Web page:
Thinking about racism and discrimination should begin with the recognition that ‘race’ is a social construction with no solid foundation in biology. Hence, the term ‘race’ itself is deeply problematic and we should avoid reproducing the categories it is part of. In Canada, the term ‘racialized groups’ has gained favour because it draws attention to this social process of constructing race. Despite the negative effects of racism, individuals and communities may accept and elaborate racialized identities as part of a process of collective affirmation.
Knowing more about the Canadian history of discrimination is a crucial step (e.g. European colonization and the Indian Residential School system, the Komagatu Maru, the internment of Japanese in WWII, Africaville, etc.). Ultimately, learning to empathize with and, to some degree, understand the predicament of others is essential. This can be achieved in part through dialogue, role-playing and imagination but it is helpful to experience the predicament of being seen as a ‘visible minority’ — for example by living in a community where one’s appearance marks one off as “other’. Pedagogically, achieving this kind of (self)awareness requires a diverse community that works to maintain a safe space for mutual learning and encounter and the humility to recognize the limits of empathy and understanding. Friendships between people with different identities and experiences are essential for this journey.
White privilege is woven deeply into the fabric of Canadian society but racial thinking is part of other forces of marginalization and discrimination: of indigenous peoples, of non-European immigrant groups, of the religious or linguistic ‘Other’, and, increasingly, of refugees seeking safe haven.
Some references that may be useful:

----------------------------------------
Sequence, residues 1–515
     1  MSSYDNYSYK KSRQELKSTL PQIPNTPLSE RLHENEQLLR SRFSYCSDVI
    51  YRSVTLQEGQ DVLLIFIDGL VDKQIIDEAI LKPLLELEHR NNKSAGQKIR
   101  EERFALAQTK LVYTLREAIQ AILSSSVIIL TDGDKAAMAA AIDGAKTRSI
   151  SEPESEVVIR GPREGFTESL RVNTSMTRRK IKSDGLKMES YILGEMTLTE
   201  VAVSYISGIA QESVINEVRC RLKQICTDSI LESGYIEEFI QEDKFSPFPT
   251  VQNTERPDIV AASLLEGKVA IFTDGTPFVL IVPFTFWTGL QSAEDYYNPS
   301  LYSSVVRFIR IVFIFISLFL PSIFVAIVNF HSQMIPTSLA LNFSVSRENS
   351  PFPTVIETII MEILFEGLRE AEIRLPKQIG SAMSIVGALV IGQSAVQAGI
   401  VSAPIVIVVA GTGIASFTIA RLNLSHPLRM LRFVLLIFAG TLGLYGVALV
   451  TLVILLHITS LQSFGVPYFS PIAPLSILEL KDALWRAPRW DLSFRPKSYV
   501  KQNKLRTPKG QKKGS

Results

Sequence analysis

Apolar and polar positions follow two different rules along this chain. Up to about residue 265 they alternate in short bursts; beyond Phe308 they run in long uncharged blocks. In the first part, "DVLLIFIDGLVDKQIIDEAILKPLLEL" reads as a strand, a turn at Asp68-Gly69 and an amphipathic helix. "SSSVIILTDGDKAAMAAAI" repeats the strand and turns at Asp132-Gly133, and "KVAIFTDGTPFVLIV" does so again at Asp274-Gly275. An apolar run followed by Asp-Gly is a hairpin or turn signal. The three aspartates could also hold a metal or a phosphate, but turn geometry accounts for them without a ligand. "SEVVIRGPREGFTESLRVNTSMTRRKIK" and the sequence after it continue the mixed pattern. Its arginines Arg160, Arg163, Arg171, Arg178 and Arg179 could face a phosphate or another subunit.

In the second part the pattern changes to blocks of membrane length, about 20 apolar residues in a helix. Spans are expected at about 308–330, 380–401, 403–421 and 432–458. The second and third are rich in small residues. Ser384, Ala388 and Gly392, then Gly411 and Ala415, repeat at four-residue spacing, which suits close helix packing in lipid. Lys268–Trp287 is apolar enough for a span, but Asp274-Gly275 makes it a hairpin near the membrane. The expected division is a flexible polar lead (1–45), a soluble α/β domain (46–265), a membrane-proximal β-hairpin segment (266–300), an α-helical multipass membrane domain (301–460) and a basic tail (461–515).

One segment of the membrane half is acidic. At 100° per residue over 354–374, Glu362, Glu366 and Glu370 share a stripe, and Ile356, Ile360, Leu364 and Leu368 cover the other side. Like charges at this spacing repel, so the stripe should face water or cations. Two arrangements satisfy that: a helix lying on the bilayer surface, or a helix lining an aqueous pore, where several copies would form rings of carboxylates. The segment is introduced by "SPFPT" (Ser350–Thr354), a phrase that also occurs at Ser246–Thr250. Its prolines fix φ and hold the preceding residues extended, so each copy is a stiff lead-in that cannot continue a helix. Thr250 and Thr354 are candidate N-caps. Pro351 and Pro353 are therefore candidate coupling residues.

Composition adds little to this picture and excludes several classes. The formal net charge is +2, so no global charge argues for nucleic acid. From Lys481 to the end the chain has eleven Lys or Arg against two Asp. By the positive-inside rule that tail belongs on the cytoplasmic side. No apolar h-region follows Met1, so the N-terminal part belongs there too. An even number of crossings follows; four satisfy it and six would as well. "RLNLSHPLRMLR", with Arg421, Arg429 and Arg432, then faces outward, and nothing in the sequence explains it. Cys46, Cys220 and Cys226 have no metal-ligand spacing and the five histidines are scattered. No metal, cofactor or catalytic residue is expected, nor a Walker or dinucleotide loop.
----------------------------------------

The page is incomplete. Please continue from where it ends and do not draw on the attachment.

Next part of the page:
Aspinall, P. (2005). Language matters: the vocabulary of racism in health care. J Health Serv Res Policy, 10(1), 57-59.
Brascoupé, S., & Waters, C. (2009). Cultural safety: Exploring the applicability of the concept of cultural safety to Aboriginal health and community wellness. Journal of Aboriginal Health, 7(1), 6-40.
Corneau, S., & Stergiopoulos, V. (2012). More than being against it: anti-racism and anti-oppression in mental health services. Transcult Psychiatry, 49(2), 261-282. doi: 10.1177/1363461512441594
Gravlee, C. C. (2009). How race becomes biology: embodiment of social inequality. Am J Phys Anthropol, 139(1), 47-57. doi: 10.1002/ajpa.20983
Crampton, P., Dowell, A., Parkin, C., & Thompson, C. (2003). Combating effects of racism through a cultural immersion medical education program. Acad Med, 78(6), 595-598.
Fredrickson, G. M. (2002). Racism: a short history. Princeton, N.J.: Princeton University Press.
Gunew, S. M. (2003). Haunted nations: the colonial dimensions of multiculturalisms. New York: Routledge.
Guzder, J., & Rousseau, C. (2013). A Diversity of Voices: The McGill ‘Working with Culture’ Seminars. Cult Med Psychiatry, 37(2), 347-364. doi: 10.1007/s11013-013-9316-0
Kirmayer, J.J. (2014). Critical psychiatry in Canada. In: R. Moodley & M. Ocampo (Eds.) Critical Psychiatry and Mental Health: Exploring the Work of Suman Fernando (pp. 170-181). New York: Routledge.
Neville, H., Spanierman, L., & Doan, B. T. (2006). Exploring the association between color-blind racial ideology and multicultural counseling competencies. Cultur Divers Ethnic Minor Psychol, 12(2), 275-290. doi: 2006-05763-007 [pii] 10.1037/1099-9809.12.2.275
Noh, S., Kaspar, V., & Wickrama, K. A. (2007). Overt and subtle racial discrimination and mental health: preliminary findings for Korean immigrants. Am J Public Health, 97(7), 1269-1274. doi: AJPH.2005.085316 [pii] 10.2105/AJPH.2005.085316
Noh, S., & Kaspar, V. (2003). Perceived discrimination and depression: moderating effects of coping, acculturation, and ethnic support. Am J Public Health, 93(2), 232-238.
Ridley, C. R. (1995). Overcoming Unintentional Racism in Counseling and Therapy: A Practitioner’s Guide to Intentional Intervention. (Vol. 5). Thousand Oaks, California: SAGE Publications.
Satzewich, V. (2011). Racism in Canada. Don Mills: Oxford University Press.
Saul, J. R. (2008). A Fair Country: Telling Truths About Canada. Toronto: Viking Canada.
Smedley, A., & Smedley, B. D. (2005). Race as biology is fiction, racism as a social problem is real: Anthropological and historical perspectives on the social construction of race. Am Psychol, 60(1), 16-26. doi: 10.1037/0003-066X.60.1.16
Todd, N. R., Spanierman, L. B., & Aber, M. S. (2010). White Students Reflecting on Whiteness: Understanding Emotional Responses. J Divers High Educ, 3(2), 97-110. doi: 10.1037/a0019299
As well, see some of the videos of talks from our Advanced Study Institute this year at: